To say that “Baby Ruby” is intense would be an understatement. Wohl creates such a feeling of unease that the film verges on intolerable. I was at the edge of my seat for most of the run-time — in part because the cinematography was so unnerving, but also because I couldn’t help but be worried about poor baby Ruby and her deteriorating mother, Jo. Postpartum depression is getting more recognition now, but it’s still a largely misunderstood condition — one that often brings with it feelings of deep shame. Society tells us that “good” mothers love their children and tackle the strains and stress of infant care with ease. But that’s just not what the first few months are like for the vast majority of new parents.
As mother-in-law Doris (Jayne Atkinson) confides in Jo: “It’s hell.”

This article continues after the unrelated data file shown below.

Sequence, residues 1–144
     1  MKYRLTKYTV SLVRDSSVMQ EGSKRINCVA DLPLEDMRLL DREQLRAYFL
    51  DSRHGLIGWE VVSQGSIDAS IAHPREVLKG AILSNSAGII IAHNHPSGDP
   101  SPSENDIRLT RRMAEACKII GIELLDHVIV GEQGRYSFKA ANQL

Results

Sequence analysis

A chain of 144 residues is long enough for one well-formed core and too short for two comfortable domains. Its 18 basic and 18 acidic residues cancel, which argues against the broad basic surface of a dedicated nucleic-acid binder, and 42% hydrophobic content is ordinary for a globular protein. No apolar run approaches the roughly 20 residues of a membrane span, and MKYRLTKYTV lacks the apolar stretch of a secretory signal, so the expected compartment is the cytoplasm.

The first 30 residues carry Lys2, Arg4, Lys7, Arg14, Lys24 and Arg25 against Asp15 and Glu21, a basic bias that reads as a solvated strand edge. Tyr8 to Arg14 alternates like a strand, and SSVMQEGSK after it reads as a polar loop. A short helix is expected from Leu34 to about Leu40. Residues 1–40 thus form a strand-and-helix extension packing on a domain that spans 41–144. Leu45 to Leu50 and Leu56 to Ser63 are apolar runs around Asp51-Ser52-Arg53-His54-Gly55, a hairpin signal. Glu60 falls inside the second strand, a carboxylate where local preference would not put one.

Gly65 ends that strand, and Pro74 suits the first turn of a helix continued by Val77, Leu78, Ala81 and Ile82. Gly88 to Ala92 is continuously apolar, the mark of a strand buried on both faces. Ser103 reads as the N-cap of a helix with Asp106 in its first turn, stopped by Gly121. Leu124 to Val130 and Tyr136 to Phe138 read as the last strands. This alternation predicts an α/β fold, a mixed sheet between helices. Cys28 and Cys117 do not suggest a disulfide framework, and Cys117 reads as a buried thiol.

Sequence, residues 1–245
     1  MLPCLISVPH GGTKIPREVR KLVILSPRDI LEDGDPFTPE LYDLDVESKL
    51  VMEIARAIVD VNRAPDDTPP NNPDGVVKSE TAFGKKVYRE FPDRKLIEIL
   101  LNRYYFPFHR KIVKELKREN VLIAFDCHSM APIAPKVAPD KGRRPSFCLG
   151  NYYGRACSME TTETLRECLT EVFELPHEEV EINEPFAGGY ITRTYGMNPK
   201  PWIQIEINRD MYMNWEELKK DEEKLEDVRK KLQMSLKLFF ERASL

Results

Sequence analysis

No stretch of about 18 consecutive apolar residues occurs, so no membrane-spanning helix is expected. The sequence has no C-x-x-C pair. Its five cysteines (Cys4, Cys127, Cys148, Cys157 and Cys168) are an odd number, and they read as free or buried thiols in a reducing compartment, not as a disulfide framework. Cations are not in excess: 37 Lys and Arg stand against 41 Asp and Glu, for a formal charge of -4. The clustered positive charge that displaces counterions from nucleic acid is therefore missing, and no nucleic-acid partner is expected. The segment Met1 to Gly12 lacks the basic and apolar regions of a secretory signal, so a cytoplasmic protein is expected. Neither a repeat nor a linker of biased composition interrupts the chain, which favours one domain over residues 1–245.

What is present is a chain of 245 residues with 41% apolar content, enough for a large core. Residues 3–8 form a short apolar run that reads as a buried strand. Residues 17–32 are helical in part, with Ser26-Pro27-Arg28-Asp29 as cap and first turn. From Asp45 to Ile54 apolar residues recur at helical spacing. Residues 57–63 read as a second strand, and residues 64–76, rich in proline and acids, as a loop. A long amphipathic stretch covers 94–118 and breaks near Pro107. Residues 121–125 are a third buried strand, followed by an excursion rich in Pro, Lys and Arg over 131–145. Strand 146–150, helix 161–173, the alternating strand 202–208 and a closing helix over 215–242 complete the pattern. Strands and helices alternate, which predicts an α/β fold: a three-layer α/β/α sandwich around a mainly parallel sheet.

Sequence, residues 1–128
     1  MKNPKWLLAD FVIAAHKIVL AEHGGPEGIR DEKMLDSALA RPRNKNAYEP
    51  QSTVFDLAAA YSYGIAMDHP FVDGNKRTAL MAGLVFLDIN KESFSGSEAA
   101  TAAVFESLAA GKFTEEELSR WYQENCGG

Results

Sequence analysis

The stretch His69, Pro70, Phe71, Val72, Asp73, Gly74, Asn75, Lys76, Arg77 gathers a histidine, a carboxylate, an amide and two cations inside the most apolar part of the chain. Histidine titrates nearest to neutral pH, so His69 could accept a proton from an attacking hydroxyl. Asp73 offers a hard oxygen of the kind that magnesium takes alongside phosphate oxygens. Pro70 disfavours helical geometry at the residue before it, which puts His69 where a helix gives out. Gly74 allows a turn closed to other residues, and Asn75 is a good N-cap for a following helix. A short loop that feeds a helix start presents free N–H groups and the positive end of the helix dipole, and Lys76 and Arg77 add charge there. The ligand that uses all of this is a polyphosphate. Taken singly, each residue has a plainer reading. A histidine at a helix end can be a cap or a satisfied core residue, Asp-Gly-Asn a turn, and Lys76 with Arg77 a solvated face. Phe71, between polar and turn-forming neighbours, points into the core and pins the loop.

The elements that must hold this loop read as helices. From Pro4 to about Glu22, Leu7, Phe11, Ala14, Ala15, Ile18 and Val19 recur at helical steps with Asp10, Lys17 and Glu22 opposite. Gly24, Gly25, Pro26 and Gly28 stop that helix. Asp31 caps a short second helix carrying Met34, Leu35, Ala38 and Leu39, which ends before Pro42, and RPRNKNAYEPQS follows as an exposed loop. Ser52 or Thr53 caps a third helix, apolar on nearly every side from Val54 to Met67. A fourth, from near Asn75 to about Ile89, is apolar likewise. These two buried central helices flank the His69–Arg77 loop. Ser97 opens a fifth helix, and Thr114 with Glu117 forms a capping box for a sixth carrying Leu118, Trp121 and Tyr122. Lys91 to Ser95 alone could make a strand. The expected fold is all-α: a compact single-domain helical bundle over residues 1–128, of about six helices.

I did not experience postpartum depression, and to be honest, both my kids were relatively easy babies. Still, I can relate to Jo’s experience in “Baby Ruby.” For years, I would hear an infant crying at night — even when my youngest was well into his toddler years. I remember the pain of bathroom trips post-birth, and the embarrassment of walking around in what felt like a pillow wrapped around my crotch. I breastfed, and there were times when my nipples were so chapped they bled. Nursing when you’re tired, and you’re sore — it feels like life is being sucked out of you. I was a different person walking into the hospital pregnant than I was when I left with my child, and I’ve never felt that experience has been represented honestly in media — until “Baby Ruby.”